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Tuesday, February 21, 2017

AWADH AND PURVANCHAL GAVE 8 PRIME MINISTERS; 234 ASSEMBLY CONSTITUENCIES HAVE ITS POLITICAL SIGNIFICANCE

By on Tuesday, February 21, 2017

WHAT NEXT?
SUCHIT BAJPAI; LUCKNOW
Voters in 150 constituencies have already exercised their votes during the first two phases of polling. After Western Uttar Pradesh, the focus now has shifted to the historically and politically significant region of Awadh and Purvanchal (eastern Uttar Pradesh). These two densely populated regions, lying on the fertile Indo-Gangetic plains, have 234 seats in these regions. The political significance should be gauged by the fact that eight of the 15 Prime Ministers, India has had, were elected from these regions.
Of the 109 constituencies that recorded a low margin of victory in the 2012 elections, 61 were situated in Awadh and Purvanchal. That amounts to one-fourth of the total seats in the region. Such a high percentage of narrow-margin victories point out to  closely fought electoral battles in the two politically crucial regions of the state.
However, of the 89 Purvanchal seats which go to polls in the final two phases, only 16 were won narrowly in the 2012 elections.
This means that the next three phases of Assembly election taking place in the Awadh region would cover 45 seats that had been won by a margin of less than three percent votes in 2012.
The last election’s data throws some interesting bits of information.
Take for instance, the Farrukhabad constituency, which is located in the Awadh region. The constituency, which votes on Sunday, witnessed an interesting contest last time, when an Independent candidate Vijay Singh trounced BJP’s Major Suneel Dutt Dwivedi by a nerve-wrecking margin of just 147 votes.
In fact, Singh was only one of the two Independents candidates who managed to scrap through to a win – the other instance was in the Sayadraja constituency which goes to polls on 8 March.
Similarly, the Ghazipur constituency, which comes under Purvanchal, recorded a narrow victory in 2012 polls.
Last election, the constituency – it goes to poll in the final phase – witnessed a SP versus BSP battle that went down to the wire. Ultimately, the SP candidate Vijay Kumar Mishra defeated his nearest BSP rival Raj Kumar by a margin of 241 votes. Mishra went on to be a minister in the Akhilesh Yadav government before joining the BJP on 16 February.
While Awadh and Purvanchal hog the limelight in the electoral battlefield of Uttar Pradesh, the impoverished and politically insignificant Bundelkhand is often ignored.
Bundelkhand – the forgotten backwaters of Uttar Pradesh
The region, which has been facing severe drought problems since many years, saw the BSP doing better than the rest as it secured seven out of 19 seats. Six seats in the region were won narrowly – the BSP winning four while the SP emerging victorious in the remaining two. However, with just 19 seats, Bundelkhand may play no major role in determining Uttar Pradesh's political destiny.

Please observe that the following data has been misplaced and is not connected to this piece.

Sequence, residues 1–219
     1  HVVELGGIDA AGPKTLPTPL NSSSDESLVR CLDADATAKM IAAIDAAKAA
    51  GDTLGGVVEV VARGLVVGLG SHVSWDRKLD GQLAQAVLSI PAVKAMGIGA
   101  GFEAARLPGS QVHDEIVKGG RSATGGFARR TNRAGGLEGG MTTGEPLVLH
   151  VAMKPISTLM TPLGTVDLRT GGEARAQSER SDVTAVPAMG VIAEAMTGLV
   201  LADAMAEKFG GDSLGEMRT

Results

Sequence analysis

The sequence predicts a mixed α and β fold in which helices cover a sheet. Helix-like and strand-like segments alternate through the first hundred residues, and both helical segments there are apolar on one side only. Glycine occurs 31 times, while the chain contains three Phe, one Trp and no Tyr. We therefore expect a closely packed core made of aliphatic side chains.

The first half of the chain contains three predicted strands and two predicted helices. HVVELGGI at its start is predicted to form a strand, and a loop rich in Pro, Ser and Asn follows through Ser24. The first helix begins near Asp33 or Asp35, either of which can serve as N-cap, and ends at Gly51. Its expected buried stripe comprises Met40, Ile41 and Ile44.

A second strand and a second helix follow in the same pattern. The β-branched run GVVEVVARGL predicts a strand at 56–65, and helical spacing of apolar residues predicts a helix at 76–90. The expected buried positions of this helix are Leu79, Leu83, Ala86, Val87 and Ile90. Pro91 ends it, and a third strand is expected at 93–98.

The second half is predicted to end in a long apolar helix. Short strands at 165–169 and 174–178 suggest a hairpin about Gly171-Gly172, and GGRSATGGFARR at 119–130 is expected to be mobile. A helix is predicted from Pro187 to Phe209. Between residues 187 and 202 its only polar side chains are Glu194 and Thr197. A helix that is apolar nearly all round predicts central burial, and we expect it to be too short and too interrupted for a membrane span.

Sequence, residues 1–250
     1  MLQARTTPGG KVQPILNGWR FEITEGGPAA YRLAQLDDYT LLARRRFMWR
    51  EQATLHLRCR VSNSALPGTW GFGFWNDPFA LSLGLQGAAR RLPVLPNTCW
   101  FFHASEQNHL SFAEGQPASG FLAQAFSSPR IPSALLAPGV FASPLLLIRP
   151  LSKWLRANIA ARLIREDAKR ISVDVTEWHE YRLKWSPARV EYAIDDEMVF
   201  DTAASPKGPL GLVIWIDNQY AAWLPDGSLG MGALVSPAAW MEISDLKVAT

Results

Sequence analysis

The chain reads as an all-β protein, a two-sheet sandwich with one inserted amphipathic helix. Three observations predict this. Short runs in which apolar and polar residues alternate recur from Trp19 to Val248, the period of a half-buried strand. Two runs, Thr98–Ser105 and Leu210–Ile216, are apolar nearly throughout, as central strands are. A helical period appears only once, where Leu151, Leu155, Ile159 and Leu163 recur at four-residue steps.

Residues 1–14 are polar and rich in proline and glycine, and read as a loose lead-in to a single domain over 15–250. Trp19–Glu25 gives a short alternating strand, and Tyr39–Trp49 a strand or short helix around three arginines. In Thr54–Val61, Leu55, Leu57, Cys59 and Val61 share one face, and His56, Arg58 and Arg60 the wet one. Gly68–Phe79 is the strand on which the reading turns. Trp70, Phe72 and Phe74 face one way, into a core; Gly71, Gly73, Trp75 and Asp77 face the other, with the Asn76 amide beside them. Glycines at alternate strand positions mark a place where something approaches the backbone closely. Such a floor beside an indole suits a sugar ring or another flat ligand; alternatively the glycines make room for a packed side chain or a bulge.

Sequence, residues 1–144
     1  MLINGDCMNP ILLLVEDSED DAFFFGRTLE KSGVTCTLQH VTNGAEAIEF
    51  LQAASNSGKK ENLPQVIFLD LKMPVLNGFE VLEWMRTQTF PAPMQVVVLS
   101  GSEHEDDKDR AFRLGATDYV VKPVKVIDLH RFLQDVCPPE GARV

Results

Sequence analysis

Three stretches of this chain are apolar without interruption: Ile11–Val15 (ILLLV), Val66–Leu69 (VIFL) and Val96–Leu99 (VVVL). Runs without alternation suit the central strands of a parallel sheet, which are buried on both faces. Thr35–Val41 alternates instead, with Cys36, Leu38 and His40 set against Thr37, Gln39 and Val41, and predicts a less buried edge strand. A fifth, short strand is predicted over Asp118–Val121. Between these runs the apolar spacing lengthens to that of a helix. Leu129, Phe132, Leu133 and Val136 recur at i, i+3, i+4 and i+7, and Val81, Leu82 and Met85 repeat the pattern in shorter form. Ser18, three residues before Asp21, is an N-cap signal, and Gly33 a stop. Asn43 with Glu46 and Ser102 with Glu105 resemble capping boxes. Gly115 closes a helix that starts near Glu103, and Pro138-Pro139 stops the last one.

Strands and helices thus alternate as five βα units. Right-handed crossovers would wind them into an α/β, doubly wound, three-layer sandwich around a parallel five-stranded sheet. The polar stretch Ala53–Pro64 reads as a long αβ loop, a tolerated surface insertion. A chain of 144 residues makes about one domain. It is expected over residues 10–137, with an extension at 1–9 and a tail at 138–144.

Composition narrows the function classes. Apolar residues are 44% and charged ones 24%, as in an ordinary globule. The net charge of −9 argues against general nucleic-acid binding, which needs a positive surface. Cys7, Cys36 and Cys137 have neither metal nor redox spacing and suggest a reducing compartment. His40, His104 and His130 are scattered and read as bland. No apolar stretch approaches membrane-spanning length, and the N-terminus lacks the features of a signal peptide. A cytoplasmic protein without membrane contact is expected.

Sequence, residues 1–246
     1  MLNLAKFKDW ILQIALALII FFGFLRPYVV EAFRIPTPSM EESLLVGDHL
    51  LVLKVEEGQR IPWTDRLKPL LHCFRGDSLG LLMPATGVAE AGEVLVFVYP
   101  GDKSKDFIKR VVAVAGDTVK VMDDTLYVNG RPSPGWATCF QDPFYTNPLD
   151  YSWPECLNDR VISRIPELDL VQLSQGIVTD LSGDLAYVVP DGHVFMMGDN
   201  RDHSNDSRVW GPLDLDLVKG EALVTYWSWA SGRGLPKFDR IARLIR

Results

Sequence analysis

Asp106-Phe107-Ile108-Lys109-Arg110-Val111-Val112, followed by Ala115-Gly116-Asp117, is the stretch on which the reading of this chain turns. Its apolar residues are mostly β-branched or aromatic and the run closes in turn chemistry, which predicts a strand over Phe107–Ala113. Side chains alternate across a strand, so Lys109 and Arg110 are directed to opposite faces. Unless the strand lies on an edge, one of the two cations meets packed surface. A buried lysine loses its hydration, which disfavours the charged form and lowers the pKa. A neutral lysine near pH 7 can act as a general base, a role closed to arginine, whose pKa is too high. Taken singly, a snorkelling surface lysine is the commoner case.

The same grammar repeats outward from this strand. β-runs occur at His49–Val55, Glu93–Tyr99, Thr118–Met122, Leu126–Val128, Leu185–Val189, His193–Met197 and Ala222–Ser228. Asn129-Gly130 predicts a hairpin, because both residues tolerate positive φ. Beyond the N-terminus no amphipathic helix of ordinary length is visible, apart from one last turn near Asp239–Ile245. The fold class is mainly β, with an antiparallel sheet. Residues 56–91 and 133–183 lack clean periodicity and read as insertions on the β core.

The scenario looks different this time
The race to Lucknow seems to be much more interesting this election. Unlike 2012, this time around the SP has joined hands with the Congress, while BJP now looks a much more formidable opponent after its astonishing victory in the 2014 Lok Sabha polls. On the other hand, BSP seems to be on the backfoot after its debacle in the Lok Sabha polls.
The ruling party is banking on its young chief minister Akhilesh Yadav’s development image to ride back to power – a factor which may have encouraged Rahul Gandhi to tie up with his party. On the other hand, the BJP in its bid to form its first government since 1997 is seeking to reap electoral benefits from the note ban saga.
Notably, for the first time since 2007, the party ruling the Centre is in serious contention to rule Uttar Pradesh. If one looks at the opinion polls that have come out so far, it has been either SP-Congress or BJP at the pole position. Every pollster has relegated BSP to the third place.
However, history has been witness to many opinion polls going totally wrong (read Bihar pre-poll surveys).
What if BSP rises in it votes percentage, the narrow margin victories may reduce to the loss, which had won. One might never know if Mayawati could spring a surprise.
The results, expected on 11 March, can shape the political destiny of not just Uttar Pradesh but also India. It is then we will know whether the ‘elephant’ is able to trump the ‘cycle’ or if the ‘lotus’ will bloom after two decades. And it is worth remembering that the road to New Delhi passes through Lucknow.


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